- God restored my ability to run for the first time in 20 years. Bill Johnson encouraged us to ask God to restore certain aspects of life that we lost along the way. The next morning, while walking on a treadmill, the Holy Spirit prompted me ask Him to restore my ability to run. I did and started running at a steady pace for seven minutes without any pain. Praise God!
- We were deeply touched by the culture of love, honour, humility, transparency and faith for God’s presence and power encountered at these two churches.
- We were all encouraged, equipped and empowered to fulfill the call of God on our lives.
- My personal highlight was a testimony shared by Caleb, a missionary working among the 178 known tribes in the Philippines. Through a dream God led him to discover the Tinananon people, an undocumented tribe of 100 000 people, living on a secluded mountain surrounded by Muslim war tribes. In the dream God gave Caleb, who happened to be a 6th generation musical instrument maker, a blueprint of an instrument who turned out to be the Tinananon tribe’s Salimba — their most sacred instrument with which they used to worshipped the “God of gods.” Over 100 years ago the tribe’s Salimba was destroyed in tribal wars, along with their only instrument maker. Since then they’ve held to a prophecy that the “God of gods” would return for His people with the sign being the return of the Salimba. The dramatic way in which God led Caleb to make and return their Salimba gave him tremendous favour with the tribe’s leaders and the opportunity to lead them all to Jesus and initiate a process of translating the Bible into their own language. During the sharing of this testimony and following prayer time I encountered God’s relentless love to seek and find an undocumented people group. I found that encounter to be most transformational.
We returned to our beloved South Africa with hearts full of hope and spirits full of the Holy Spirit’s presence and power. We’re already seeing breakthroughs in various areas of our ministry. One word spoken over the Leaders Advance delegates at Bethel was that God is going to do in the next seven weeks what man cannot do in seven years. We took this word to heart and are trusting to witness tremendous growth and breakthroughs before the end of 2017. We want everything God has for us!
Jan van Reenen
Cross Culture City Church
Inspired to complete God’s purposes — Sam van Niekerk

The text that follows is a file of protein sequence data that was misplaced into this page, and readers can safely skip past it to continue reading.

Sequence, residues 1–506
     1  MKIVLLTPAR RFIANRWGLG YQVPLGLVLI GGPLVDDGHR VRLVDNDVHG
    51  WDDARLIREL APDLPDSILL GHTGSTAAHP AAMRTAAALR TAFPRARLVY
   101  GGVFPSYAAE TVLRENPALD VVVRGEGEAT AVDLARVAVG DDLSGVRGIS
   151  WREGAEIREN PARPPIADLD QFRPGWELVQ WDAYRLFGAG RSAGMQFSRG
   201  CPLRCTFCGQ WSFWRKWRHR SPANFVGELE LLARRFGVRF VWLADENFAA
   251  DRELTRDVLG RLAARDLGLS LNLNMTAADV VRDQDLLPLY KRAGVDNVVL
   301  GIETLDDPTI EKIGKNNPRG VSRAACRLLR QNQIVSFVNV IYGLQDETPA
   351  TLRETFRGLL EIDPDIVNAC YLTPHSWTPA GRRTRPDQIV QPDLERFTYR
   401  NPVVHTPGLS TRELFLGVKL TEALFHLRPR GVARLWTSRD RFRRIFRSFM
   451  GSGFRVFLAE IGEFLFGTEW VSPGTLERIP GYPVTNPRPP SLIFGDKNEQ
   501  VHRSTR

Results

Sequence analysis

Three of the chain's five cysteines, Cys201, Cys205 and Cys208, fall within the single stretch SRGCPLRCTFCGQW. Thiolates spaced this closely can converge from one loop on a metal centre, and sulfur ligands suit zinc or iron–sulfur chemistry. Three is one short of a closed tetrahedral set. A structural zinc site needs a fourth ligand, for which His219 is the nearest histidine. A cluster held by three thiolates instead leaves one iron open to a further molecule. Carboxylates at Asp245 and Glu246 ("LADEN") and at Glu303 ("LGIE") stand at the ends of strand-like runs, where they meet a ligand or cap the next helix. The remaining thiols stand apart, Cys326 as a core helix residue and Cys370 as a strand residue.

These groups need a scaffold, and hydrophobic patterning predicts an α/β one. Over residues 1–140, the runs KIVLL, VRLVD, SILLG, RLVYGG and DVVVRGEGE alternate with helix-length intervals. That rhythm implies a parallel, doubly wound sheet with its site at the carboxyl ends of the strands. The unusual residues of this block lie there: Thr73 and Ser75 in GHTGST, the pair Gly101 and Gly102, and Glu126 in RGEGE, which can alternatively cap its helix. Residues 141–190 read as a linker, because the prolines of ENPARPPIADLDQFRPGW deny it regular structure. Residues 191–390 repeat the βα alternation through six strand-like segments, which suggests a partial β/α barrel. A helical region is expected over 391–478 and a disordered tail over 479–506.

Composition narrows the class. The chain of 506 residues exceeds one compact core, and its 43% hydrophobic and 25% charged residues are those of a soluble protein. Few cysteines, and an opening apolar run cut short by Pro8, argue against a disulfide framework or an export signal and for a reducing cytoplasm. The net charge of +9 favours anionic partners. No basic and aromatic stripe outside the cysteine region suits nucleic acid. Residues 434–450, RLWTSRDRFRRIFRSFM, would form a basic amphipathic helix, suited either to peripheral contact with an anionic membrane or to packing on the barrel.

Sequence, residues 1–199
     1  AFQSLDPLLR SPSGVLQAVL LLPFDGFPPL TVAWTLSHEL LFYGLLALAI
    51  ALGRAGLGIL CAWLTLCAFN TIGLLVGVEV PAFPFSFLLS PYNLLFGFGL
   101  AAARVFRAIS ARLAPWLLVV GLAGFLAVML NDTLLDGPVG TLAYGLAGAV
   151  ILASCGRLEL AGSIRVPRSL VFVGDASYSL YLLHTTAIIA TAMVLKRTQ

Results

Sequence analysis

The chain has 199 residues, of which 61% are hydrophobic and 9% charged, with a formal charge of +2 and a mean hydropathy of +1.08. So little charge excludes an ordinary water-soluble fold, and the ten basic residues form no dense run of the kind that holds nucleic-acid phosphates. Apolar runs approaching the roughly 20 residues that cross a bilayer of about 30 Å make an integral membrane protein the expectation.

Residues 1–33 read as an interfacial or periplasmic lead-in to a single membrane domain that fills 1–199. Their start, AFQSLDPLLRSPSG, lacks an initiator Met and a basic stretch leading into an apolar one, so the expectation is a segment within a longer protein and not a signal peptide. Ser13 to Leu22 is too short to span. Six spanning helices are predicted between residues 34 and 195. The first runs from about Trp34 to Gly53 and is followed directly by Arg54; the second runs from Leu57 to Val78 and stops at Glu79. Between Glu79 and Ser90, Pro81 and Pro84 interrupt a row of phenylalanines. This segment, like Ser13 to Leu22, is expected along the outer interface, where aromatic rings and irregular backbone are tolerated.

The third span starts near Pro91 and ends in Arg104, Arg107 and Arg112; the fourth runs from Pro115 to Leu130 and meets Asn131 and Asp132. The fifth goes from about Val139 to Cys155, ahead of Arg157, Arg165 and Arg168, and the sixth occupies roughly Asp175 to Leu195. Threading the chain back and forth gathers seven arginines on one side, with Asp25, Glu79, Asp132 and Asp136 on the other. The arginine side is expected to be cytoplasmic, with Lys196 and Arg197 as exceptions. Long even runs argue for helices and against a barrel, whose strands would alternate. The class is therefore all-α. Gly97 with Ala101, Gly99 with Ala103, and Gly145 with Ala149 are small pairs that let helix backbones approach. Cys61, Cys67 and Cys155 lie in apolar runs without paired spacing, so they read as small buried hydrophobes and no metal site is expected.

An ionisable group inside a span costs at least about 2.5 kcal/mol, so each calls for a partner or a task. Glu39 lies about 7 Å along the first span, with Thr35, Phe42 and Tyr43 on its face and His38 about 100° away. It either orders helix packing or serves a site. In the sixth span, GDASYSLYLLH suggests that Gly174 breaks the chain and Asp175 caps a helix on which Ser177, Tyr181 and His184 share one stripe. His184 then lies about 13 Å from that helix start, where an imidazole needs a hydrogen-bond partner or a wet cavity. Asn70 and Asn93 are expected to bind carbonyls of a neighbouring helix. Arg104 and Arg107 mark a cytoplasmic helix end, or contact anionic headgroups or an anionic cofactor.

What an honour and privilege to, once again, have been part of this life-changing experience. I would like to express our appreciation to all who were involved in the logistics of this event and secondly, to all in the tour group who contributed to making it such an amazing experience.
As this was my second trip to The Mission and Bethel, I prepared myself for a totally different encounter. I knew comparison would limit the Holy Spirit in whatever His plan and purposes were.
My first visit, I now in hindsight realise, was very much from a spiritual leader’s perspective. All the amazing encounters were related to our home church, what we need to download and how we need to realign to start flowing in this revival culture that made such a huge impression on me.
The second visit was, as expected, a totally different encounter to me. This time round, God focussed on me, as an individual. From the onset, the Holy Spirit was on my case regarding various aspects of my life.
When the Spirit exposes one’s heart, it can become pretty uncomfortable and humiliating for oneself. The fruit of exaltation, once you have been through the process, is spiritually rejuvenating and energising.
Prior to our Bethel tour, I had spent several months strategising to secure the future leadership of our church. Little did I realise how much this had impacted my personal mindset regarding my personal future in ministry. As I was dealing with these strategies, I started thinking more management and less visionary! I, obviously, believed it was the other way round!
The prophetic voice repeatedly came to me, confirming the same message regarding my future goals and destiny. My realisation became very clear! I would not be allowed to “short change” God as far as my calling is concerned.
My short-term planning is no longer my short term vision.
I have returned, inspired by every Holy Spirit encounter, to complete His purposes for me and to finish strong, by His grace.
I will always be trusting God for the favour to do this journey again. What an investment in one’s calling!
Sam van Niekerk
Agapé Christian Centre